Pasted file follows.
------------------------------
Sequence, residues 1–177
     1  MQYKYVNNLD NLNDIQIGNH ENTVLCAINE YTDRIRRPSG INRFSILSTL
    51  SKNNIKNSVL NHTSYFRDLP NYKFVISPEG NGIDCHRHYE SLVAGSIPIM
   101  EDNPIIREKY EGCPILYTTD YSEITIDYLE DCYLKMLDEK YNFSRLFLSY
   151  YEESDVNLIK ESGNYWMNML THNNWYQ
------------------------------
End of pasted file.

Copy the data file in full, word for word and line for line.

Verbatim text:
Sequence, residues 1–177
     1  MQYKYVNNLD NLNDIQIGNH ENTVLCAINE YTDRIRRPSG INRFSILSTL
    51  SKNNIKNSVL NHTSYFRDLP NYKFVISPEG NGIDCHRHYE SLVAGSIPIM
   101  EDNPIIREKY EGCPILYTTD YSEITIDYLE DCYLKMLDEK YNFSRLFLSY
   151  YEESDVNLIK ESGNYWMNML THNNWYQ